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From Theory to Practice: Efficient Join Query Evaluation in a Parallel Database System
"... Big data analytics often requires processing complex queries using massive parallelism, where the main performance metrics is the communication cost incurred during data reshuffling. In this paper, we describe a system that can compute efficiently complex join queries, including queries with cyclic ..."
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Big data analytics often requires processing complex queries using massive parallelism, where the main performance metrics is the communication cost incurred during data reshuffling. In this paper, we describe a system that can compute efficiently complex join queries, including queries with cyclic joins, on a massively parallel architecture. We build on two independent lines of work for multijoin query evaluation: a communicationoptimal algorithm for distributed evaluation, and a worstcase optimal algorithm for sequential evaluation. We evaluate these algorithms together, then describe novel, practical optimizations for both algorithms. 1.
Changing the face of database cloud services with personalized service level agreements.
 In CIDR,
, 2015
"... ABSTRACT We develop and evaluate an approach for generating Personalized Service Level Agreements (PSLAs) that separate cloud users from the details of compute resources behind a cloud database management service. PSLAs retain the possibility to tradeoff performance for cost and do so in a manner ..."
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ABSTRACT We develop and evaluate an approach for generating Personalized Service Level Agreements (PSLAs) that separate cloud users from the details of compute resources behind a cloud database management service. PSLAs retain the possibility to tradeoff performance for cost and do so in a manner specific to the user's database.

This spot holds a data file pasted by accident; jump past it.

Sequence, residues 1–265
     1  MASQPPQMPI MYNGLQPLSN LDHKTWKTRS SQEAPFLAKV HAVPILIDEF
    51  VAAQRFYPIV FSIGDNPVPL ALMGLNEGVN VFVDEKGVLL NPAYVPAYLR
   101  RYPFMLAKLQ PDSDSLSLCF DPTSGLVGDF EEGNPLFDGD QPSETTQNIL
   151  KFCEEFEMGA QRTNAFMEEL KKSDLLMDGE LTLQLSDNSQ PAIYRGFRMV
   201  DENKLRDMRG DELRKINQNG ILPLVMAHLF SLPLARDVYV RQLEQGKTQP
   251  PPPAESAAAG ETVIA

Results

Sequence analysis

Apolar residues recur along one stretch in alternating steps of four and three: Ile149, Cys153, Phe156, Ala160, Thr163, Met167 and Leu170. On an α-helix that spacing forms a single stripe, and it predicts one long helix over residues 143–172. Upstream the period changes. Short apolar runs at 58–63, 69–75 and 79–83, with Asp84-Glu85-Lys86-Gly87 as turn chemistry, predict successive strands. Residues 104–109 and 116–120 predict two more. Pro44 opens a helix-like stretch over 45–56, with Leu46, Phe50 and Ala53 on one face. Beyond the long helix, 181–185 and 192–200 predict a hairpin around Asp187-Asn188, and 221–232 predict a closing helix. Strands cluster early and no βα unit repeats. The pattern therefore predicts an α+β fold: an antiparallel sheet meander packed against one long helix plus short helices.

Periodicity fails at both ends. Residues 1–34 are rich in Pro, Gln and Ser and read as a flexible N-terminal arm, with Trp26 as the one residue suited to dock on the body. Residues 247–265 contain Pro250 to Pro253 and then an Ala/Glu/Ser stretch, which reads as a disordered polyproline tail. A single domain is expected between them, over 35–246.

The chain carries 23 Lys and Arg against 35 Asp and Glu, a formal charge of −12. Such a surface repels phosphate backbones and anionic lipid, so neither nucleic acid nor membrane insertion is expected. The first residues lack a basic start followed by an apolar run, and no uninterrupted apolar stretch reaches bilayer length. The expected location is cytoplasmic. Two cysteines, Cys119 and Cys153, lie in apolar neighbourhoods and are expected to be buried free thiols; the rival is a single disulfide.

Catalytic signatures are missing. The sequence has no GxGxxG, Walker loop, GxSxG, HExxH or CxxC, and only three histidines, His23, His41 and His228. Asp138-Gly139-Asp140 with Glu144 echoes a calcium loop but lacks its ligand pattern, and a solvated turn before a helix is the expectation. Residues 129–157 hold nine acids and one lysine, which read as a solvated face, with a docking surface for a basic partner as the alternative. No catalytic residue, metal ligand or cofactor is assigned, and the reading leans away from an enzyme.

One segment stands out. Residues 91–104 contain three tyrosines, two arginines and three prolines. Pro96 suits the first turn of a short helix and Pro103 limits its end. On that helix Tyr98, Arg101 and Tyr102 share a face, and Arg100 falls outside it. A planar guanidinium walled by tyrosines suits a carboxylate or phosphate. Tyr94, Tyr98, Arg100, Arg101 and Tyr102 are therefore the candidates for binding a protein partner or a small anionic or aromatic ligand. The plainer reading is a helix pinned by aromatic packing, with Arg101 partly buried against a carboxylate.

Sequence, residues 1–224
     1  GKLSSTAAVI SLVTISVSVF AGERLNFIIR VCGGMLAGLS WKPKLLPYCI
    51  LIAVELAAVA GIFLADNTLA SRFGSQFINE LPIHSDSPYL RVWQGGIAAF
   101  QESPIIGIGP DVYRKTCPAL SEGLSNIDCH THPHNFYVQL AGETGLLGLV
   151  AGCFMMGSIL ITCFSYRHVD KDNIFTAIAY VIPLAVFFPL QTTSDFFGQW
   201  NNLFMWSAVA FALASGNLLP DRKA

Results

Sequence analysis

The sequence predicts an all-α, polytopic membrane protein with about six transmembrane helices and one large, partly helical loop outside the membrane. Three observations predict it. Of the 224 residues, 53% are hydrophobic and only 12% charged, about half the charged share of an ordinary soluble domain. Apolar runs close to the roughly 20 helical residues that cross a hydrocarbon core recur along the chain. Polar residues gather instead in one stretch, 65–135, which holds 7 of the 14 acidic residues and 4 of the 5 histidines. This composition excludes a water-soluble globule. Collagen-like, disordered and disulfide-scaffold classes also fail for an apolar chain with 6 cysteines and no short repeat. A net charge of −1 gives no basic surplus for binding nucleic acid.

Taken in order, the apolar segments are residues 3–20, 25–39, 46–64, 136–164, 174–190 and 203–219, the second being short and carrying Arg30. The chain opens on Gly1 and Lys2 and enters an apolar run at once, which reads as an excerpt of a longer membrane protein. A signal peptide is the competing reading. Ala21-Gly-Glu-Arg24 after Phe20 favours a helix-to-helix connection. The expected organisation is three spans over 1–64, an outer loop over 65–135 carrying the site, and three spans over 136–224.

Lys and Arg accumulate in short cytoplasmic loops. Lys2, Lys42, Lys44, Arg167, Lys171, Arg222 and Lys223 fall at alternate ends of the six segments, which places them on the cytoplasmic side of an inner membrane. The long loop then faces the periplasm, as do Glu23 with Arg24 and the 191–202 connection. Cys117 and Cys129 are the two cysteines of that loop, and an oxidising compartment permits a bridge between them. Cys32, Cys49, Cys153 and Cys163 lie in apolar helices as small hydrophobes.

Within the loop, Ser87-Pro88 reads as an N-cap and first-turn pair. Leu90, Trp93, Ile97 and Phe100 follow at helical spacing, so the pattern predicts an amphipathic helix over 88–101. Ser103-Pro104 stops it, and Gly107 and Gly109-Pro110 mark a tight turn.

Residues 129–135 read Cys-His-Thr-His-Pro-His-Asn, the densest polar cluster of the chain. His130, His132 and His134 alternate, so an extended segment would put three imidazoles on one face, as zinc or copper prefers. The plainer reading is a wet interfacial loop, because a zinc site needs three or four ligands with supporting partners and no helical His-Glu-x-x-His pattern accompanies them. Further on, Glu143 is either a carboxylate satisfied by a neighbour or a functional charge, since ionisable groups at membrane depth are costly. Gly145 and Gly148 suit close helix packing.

GYM: A Multiround Join Algorithm In MapReduce And Its Analysis
"... We study the problem of computing the join of n relations in multiple rounds of MapReduce. We introduce a distributed and generalized version of Yannakakis’s algorithm, called GYM. GYM takes as input any generalized hypertree decomposition (GHD) of a query of width w and depth d, and computes the ..."
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We study the problem of computing the join of n relations in multiple rounds of MapReduce. We introduce a distributed and generalized version of Yannakakis’s algorithm, called GYM. GYM takes as input any generalized hypertree decomposition (GHD) of a query of width w and depth d, and computes the query in O(d+log(n)) rounds andO(n (IN w+OUT)2 M) communication cost, where M is the memory available per machine in the cluster and IN and OUT are the sizes of input and output of the query, respectively. M is assumed to be IN 1 , for some constant > 1. Using GYM we achieve two main results: (1) Every widthw query can be computed in O(n) rounds of MapReduce with O(n (IN w+OUT)2 M
A Demonstration of the BigDAWG Polystore System
"... ABSTRACT This paper presents BigDAWG, a reference implementation of a new architecture for "Big Data" applications. Such applications not only call for largescale analytics, but also for realtime streaming support, smaller analytics at interactive speeds, data visualization, and crosss ..."